REVerberations – February 2014
And so we enter this New Year with hope and renewed commitment to make a difference in the world. As you can read at other places in this edition of Highlights, our work on transitional housing continues to build momentum. We now have groups actively engaged with three shelters in the Human Service Program system which serves all of Carroll County. Our efforts at feeding people in need continue to grow stronger, more diverse, and more comprehensive; we are discovering more and more of the “more” in Meal and More. By way of congregational representatives, we are actively advocating in various community forums for services and programs that move people from homelessness to housing. The St. Paul’s Grant Foundation is being re-directed this year to programs which keep in place local people at risk of losing their homes. And we are actively leading the way with a new idea to actually create jobs in a cottage industry kind of context for people who want to work but cannot find jobs. With each new endeavor, there are new needs and opportunities that present themselves.
Yet there are standing outreach-oriented commitments that also require our attention and that also make a difference in the world. Way back in 2006, I signed on to something called the “Clergy Letter Project.” I am proud to say that I was in one of the earliest waves of signers of that document. The Letter was initiated by Dr. Michael Zimmerman as an attempt to provide defense against arguments that creationism should be taught as science in schools. And, in years past, this congregation has signed on to the outgrowth of the Letter, an annual event called Evolution Weekend. In the early days, we were intent on doing something in conjunction with this effort which has national and international reach. Since then, our focus on Evolution Weekend has waned. So I was tempted not to sign on for this year.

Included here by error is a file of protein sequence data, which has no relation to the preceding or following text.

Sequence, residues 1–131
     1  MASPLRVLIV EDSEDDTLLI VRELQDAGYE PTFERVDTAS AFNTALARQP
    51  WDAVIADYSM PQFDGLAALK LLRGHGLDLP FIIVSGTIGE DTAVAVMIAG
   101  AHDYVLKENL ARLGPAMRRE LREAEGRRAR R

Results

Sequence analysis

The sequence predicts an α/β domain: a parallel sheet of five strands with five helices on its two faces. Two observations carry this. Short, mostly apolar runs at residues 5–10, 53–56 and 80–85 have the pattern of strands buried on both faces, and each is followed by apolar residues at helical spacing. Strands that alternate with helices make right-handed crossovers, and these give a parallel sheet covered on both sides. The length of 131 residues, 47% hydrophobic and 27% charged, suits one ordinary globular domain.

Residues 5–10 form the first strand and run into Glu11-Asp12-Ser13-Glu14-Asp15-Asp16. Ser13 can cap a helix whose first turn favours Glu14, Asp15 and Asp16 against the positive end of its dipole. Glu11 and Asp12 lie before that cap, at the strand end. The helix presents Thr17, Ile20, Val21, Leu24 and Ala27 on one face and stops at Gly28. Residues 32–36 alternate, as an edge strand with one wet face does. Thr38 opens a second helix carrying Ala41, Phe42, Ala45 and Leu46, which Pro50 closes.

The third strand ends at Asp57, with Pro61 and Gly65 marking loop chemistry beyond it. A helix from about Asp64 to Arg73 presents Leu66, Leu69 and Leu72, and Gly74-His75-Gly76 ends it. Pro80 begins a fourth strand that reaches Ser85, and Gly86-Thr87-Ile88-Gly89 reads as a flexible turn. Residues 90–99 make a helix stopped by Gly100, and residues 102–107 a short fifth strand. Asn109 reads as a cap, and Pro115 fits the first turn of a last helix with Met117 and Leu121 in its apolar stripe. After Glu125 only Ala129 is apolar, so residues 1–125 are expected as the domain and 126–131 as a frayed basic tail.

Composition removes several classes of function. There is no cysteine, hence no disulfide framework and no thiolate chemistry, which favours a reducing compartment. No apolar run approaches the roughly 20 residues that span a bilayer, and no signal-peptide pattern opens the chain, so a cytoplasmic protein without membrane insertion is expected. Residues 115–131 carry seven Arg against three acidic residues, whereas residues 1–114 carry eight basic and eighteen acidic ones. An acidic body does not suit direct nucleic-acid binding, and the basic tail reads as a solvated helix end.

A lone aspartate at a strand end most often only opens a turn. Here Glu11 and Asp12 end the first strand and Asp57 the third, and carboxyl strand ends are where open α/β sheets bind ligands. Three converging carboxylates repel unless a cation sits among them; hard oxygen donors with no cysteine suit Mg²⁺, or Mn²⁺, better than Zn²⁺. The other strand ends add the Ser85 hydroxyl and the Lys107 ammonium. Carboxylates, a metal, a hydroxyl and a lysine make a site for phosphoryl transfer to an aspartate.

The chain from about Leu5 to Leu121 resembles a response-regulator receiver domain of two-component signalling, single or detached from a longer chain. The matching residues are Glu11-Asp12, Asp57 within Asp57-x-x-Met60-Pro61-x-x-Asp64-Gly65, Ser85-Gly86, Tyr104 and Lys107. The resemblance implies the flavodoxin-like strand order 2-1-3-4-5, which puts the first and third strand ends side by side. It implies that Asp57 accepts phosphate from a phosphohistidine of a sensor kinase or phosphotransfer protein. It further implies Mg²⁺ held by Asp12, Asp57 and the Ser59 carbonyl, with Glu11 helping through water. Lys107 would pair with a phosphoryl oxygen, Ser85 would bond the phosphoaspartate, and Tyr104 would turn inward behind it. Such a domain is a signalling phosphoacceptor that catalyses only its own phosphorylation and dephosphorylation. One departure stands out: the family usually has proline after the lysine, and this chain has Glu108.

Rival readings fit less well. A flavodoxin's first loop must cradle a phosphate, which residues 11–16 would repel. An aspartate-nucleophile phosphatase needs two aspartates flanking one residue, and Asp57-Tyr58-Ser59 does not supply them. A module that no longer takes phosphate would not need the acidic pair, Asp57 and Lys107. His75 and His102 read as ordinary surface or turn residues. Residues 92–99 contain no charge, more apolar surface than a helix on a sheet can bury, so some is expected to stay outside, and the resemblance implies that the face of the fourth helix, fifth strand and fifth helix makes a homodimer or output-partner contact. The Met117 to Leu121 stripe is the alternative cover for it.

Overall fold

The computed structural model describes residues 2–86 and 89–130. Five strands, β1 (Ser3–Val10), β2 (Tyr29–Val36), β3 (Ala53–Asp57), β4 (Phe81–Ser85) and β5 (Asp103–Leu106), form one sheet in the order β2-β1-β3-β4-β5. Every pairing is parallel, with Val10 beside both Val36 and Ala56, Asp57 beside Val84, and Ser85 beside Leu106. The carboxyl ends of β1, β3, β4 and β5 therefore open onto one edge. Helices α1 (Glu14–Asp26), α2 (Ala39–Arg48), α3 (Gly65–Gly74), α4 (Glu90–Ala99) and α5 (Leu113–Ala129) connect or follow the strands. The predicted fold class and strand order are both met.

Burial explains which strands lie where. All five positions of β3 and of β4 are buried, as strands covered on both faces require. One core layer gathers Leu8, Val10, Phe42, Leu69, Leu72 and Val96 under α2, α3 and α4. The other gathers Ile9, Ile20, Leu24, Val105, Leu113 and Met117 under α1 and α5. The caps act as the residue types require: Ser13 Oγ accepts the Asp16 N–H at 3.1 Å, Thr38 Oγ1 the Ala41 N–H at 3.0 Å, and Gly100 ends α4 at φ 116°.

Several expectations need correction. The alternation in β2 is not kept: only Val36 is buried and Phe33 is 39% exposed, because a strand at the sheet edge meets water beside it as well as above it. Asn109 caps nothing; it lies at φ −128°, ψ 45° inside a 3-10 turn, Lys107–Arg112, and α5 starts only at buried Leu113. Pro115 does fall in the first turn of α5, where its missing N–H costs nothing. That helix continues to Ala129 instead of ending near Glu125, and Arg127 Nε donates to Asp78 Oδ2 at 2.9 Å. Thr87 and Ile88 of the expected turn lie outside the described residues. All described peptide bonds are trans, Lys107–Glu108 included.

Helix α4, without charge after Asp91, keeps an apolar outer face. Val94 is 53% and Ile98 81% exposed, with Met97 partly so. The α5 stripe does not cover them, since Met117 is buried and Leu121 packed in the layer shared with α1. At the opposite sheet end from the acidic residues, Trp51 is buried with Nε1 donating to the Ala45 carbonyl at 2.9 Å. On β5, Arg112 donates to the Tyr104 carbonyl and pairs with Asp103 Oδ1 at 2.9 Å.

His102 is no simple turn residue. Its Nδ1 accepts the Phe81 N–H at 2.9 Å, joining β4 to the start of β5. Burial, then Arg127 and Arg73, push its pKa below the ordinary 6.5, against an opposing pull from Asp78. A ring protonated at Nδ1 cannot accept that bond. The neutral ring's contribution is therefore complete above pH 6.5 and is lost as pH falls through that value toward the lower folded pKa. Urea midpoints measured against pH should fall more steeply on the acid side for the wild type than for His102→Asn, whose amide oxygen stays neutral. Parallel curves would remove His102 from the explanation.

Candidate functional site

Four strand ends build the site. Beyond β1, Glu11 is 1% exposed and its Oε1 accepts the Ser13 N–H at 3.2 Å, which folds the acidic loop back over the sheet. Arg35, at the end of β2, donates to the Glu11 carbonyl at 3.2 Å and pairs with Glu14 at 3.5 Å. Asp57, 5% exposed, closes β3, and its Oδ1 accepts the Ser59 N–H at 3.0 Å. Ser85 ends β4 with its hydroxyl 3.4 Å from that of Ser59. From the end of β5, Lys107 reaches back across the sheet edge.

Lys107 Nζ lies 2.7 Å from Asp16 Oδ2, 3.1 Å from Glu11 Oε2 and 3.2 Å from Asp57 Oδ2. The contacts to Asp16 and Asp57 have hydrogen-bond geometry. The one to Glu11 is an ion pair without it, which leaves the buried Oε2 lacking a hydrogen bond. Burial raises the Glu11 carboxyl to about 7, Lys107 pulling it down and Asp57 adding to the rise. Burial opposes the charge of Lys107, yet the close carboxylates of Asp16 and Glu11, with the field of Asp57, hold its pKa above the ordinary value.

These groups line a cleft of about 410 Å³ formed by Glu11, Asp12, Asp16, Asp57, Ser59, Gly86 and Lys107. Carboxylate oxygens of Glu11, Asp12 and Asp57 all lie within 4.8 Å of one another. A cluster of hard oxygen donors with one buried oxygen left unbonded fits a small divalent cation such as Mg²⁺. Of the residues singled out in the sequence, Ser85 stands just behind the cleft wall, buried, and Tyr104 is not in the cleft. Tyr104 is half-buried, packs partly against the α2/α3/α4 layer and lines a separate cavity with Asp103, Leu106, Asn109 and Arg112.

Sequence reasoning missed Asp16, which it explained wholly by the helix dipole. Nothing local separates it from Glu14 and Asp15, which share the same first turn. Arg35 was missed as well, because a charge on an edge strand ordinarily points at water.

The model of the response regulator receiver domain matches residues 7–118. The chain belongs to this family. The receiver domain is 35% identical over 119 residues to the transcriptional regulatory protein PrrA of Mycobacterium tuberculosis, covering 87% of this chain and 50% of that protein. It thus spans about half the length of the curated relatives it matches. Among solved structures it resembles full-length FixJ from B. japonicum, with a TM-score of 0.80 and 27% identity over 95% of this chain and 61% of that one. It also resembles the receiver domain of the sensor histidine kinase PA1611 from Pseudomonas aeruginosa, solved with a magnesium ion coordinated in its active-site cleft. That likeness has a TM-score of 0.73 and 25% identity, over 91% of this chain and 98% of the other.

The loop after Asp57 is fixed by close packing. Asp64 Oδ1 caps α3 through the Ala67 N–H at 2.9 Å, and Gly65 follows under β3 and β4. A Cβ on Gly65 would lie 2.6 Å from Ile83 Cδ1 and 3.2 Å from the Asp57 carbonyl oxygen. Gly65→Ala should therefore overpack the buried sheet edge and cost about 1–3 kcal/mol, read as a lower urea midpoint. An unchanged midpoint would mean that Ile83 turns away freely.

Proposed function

Then I received an email from a colleague of Dr. Zimmerman who reminded me that there is, unbelievably, still an urgent need for support to ensure that science classes in schools remain science classes and that they don’t become religion or pseudo-religion classes that teach creationism as science. He noted that the sheer force of numbers of mainline clergy and congregations involved in the Project has helped prevent school systems from inserting creationism into science curricula around the country. Importantly, the Project helped fend off efforts to do just that in Texas which, because of its size, has considerable influence on textbook publishing nationally.
In looking at the website (www.theclergyletterproject.org), I see that there are now 12,901 Christian clergy signatures on the letter, along with 509 rabbis, 277 Unitarian Universalist clergy, and 23 Buddhist clergy. There are announcements that the United Methodist Church has endorsed the letter along with a couple of smaller mainline Christian jurisdictions. The United Church of Christ went one step further by designating Science, Faith, and Technology Sunday to highlight the compatibility of science and religion. I note as well that 504 congregations have signed up for this year’s Evolution Weekend. And we will be number 505.
While there is a great need to re-double our efforts at making a difference locally, we can still do things like participate in this important national effort to ensure quality education for our children and a prosperous future for our country and our world. If you have ideas about how we might celebrate Evolution Weekend this year (in February), please let me know.